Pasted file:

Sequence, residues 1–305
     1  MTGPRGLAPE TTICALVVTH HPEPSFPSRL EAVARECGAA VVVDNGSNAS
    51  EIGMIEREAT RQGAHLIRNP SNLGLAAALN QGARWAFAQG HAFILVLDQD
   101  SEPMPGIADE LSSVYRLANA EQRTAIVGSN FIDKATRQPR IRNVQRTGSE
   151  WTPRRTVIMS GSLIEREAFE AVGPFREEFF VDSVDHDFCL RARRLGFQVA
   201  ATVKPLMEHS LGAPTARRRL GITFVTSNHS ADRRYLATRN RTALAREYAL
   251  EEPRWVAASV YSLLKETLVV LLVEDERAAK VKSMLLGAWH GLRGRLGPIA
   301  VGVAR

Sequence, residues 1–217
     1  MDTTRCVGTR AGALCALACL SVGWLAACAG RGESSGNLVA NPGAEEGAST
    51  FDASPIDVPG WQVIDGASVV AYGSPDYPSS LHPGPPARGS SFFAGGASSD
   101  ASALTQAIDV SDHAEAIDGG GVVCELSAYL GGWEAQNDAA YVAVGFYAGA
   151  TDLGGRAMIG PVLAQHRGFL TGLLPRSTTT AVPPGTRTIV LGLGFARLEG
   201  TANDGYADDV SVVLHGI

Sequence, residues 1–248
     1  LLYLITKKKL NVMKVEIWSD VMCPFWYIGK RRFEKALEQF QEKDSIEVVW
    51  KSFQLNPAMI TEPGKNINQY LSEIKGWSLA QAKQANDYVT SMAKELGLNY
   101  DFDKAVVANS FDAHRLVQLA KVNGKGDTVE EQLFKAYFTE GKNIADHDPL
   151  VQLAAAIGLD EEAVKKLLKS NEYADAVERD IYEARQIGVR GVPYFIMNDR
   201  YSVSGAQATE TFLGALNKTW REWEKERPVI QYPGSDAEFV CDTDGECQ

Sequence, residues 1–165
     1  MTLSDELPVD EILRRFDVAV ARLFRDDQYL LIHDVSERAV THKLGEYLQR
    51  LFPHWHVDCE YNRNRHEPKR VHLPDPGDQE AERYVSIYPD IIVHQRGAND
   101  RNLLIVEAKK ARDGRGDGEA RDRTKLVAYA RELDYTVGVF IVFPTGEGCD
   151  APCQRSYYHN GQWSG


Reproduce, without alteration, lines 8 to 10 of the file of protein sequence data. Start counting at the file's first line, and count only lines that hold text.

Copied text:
   301  VGVAR

Sequence, residues 1–217
     1  MDTTRCVGTR AGALCALACL SVGWLAACAG RGESSGNLVA NPGAEEGAST